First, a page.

||The Hebrew printing press in Riva, which was active between 1558 and 1562 and produced about 35 titles. The press owed its success to the cooperation of three men: Cardinal Cristoforo Madruzzo, bishop of Trent, who had jurisdiction over the town and whose coat-of-arms appears on many of the Riva publications; R. Joseph b. Nathan Ottolenghi, rabbi and rosh yeshivah at Cremona; and Jacob Marcaria, dayyan and physician, also of Cremona, who was the printer and contributed learned prefaces to his productions.
||The Author's major work, to which he constantly refers in his commentaries on Averroes and the Bible, begun in about 1317 and completed in 1329. In this work, he treats problems which, in his opinion, have not received a satisfactory solution by preceding philosophers, including Maimonides. Divided into six parts, the work deals with: the immortality of the soul (first book), dream, divination, and prophecy (second book), divine knowledge (third book), providence (fourth book), celestial spheres, separate intellects and their relationship with G-d (fifth book), the creation of the world, miracles, and the criteria by which one recognizes the true prophet (sixth book). Numerous manuscripts of the Milhamot are extant, but the book was printed only twice, and then imperfectly (Riva di Trento, 1560 and Leipzig, 1863).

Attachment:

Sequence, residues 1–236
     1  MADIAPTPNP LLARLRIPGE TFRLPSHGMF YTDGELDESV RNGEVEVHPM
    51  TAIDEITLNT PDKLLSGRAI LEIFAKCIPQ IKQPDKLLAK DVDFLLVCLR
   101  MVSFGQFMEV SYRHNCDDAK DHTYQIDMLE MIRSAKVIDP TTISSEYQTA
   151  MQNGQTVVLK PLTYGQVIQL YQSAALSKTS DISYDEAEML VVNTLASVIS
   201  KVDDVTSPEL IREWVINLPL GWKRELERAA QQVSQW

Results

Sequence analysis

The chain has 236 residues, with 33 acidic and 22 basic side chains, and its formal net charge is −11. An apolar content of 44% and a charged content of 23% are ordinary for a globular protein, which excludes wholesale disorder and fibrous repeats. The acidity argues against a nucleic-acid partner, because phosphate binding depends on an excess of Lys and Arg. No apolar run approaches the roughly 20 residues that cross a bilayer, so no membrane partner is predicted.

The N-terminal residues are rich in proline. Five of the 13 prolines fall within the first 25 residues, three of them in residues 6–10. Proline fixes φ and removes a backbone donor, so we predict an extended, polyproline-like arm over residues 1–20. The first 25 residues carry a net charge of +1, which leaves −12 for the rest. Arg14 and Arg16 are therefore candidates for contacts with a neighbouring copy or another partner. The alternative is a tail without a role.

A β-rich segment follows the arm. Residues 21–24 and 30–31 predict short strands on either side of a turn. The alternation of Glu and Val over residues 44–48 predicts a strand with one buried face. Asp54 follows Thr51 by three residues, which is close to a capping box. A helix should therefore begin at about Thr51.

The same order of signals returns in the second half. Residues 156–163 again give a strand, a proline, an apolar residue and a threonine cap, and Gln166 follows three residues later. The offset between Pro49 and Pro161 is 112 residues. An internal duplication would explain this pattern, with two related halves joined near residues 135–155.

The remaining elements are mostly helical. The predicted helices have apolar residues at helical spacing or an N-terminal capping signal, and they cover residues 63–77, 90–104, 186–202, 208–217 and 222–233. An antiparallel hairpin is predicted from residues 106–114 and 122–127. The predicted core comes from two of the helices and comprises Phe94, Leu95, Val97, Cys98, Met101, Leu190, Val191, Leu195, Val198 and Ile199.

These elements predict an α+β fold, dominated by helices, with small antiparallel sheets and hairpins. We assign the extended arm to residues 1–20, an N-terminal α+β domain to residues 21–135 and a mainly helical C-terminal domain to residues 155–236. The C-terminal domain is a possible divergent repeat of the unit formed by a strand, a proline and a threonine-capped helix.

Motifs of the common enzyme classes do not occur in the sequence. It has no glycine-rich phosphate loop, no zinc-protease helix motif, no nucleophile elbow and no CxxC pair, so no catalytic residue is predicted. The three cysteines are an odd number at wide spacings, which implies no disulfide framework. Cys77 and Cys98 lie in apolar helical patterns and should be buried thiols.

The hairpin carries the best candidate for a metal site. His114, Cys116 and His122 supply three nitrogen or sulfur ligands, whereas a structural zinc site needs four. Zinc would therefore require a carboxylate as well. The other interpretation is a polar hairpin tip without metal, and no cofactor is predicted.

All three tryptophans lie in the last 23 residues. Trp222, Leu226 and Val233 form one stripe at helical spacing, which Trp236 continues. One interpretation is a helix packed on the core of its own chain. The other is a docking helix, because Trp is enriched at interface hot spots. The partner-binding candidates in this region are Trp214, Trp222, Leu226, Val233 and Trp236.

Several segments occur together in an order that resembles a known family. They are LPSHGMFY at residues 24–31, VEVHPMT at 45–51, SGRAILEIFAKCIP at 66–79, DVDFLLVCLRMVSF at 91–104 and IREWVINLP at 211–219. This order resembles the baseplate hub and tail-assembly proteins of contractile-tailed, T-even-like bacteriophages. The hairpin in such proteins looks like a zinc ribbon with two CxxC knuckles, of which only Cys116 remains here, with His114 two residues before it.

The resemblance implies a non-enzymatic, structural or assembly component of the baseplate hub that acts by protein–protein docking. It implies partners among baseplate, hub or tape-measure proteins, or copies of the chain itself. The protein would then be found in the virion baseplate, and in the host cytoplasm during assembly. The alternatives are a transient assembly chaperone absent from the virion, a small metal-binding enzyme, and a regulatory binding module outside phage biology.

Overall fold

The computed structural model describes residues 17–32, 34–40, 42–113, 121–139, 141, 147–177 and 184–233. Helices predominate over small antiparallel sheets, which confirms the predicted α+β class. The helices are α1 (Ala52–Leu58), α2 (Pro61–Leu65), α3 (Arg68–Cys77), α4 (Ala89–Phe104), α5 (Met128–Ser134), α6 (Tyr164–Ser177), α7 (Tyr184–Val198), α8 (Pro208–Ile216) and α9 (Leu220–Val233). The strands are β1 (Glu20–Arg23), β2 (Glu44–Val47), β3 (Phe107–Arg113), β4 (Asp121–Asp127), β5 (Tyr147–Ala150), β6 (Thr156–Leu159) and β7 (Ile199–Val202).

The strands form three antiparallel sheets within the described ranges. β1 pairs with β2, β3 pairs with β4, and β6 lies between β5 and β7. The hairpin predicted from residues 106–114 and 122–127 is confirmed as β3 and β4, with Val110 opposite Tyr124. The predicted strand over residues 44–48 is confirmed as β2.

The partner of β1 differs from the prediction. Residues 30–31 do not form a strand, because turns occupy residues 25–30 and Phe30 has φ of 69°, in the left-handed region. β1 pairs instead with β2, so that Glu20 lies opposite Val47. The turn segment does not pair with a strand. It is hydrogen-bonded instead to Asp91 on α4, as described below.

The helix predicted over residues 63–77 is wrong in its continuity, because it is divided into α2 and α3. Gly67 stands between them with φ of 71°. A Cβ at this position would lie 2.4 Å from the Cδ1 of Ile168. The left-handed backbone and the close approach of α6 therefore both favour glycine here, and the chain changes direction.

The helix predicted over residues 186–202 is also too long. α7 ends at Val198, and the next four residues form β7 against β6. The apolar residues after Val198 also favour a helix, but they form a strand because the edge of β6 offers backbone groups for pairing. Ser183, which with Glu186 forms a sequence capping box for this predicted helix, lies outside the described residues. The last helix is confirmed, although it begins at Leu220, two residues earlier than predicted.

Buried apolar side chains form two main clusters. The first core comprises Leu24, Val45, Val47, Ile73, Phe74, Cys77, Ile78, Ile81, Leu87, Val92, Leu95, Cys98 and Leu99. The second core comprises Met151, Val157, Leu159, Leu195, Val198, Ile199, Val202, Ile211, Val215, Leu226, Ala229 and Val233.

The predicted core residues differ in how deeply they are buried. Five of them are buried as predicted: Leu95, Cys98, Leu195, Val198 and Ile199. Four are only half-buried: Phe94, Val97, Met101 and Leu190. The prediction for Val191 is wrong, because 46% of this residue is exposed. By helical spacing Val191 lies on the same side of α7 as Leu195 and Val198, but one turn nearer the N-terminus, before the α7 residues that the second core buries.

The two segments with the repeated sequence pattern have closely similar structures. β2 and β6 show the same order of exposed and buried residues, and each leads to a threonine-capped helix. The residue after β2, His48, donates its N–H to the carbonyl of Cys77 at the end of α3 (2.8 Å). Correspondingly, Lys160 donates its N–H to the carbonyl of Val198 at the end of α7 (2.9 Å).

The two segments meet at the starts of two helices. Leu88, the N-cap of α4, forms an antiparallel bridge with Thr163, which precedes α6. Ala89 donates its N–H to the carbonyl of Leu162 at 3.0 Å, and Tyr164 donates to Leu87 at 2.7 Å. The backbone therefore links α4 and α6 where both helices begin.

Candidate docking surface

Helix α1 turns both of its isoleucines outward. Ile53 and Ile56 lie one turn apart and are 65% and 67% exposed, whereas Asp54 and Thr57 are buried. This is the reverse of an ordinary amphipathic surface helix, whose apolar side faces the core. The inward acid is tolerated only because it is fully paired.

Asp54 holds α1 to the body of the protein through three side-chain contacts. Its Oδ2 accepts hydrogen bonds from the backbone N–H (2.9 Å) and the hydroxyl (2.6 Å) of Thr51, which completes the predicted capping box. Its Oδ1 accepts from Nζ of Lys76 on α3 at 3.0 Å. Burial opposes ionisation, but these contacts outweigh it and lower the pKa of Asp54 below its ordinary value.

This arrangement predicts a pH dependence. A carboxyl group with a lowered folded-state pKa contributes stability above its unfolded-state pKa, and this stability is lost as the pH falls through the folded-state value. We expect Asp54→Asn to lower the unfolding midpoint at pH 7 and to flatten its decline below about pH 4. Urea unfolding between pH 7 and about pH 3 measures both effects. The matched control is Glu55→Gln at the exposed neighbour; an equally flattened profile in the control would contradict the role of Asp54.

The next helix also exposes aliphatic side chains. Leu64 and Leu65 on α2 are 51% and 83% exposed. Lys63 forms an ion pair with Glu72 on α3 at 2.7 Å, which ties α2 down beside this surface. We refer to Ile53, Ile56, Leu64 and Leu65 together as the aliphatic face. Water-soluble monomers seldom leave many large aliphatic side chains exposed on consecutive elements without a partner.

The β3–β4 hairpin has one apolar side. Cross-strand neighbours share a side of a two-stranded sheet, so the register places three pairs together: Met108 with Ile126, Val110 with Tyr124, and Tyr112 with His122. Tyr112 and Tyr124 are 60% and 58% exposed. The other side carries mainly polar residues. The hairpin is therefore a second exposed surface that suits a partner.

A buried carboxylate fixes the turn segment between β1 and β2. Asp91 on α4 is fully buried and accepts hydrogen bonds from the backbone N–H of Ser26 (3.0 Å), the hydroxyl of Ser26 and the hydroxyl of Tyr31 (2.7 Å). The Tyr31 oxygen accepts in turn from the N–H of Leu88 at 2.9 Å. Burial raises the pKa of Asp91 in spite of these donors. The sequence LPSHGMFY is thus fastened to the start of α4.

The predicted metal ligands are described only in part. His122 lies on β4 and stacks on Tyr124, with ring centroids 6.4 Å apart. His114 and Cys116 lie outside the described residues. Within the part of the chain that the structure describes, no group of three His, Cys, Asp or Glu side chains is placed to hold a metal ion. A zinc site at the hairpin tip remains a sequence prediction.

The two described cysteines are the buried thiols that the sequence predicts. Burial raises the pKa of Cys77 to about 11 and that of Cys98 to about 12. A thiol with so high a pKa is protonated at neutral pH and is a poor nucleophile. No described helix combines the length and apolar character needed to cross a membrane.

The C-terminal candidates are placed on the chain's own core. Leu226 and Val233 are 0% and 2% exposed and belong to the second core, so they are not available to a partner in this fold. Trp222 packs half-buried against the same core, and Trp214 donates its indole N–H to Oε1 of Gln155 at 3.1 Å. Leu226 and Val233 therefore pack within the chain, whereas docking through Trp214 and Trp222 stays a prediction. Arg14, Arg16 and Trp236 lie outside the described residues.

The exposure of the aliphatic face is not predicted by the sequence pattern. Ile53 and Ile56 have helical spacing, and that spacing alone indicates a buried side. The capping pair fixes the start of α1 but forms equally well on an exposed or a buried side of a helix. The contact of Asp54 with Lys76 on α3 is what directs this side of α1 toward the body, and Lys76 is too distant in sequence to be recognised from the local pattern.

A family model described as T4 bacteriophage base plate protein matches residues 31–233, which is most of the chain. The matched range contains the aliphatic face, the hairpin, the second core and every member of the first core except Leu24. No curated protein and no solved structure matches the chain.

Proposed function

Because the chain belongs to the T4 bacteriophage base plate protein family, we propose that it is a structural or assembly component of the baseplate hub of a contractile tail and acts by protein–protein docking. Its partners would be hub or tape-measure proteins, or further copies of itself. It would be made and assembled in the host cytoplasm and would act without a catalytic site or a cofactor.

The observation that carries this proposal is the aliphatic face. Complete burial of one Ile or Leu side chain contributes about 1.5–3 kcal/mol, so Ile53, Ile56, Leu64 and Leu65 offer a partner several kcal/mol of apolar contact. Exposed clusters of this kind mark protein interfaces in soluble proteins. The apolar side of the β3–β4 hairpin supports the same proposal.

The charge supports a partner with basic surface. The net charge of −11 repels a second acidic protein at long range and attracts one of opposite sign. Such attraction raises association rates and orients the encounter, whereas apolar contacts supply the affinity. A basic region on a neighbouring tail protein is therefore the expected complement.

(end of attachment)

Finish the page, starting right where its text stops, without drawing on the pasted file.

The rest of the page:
The Milhamot is written in a precise and technical Hebrew. In almost all the questions analyzed, Levi quotes the opinions of his predecessors - Aristotle, Alexander of Aphrodisias, Themistius, Al-Farabi, Avicenna - with whom he became acquainted largely by reading Averroes, as well as the opinions of Averroes himself and of Maimonides. He enumerates the arguments that, respectively, support and disprove their theses and, finally, he expounds his own theory. The Milhamot contains an almost complete system of philosophy and theology. However, this work cannot be understood unless one is familiar with Ralbag's commentaries on Averroes and the Bible, which explain and complement the Milhamot on many points. In order to understand the ideas of Ralbag, one should have recourse to all his philosophical and exegetic works.
R. Levi b. Gershon (Ralbag)(1288–1344 also called Gersonides), mathematician, astronomer, philosopher, and biblical commentator, born probably at Bagnols-sur-CIze, France. He lived primarily in Orange and briefly at Avignon. Levi had very broad intellectual interests and contributed to many areas of human learning.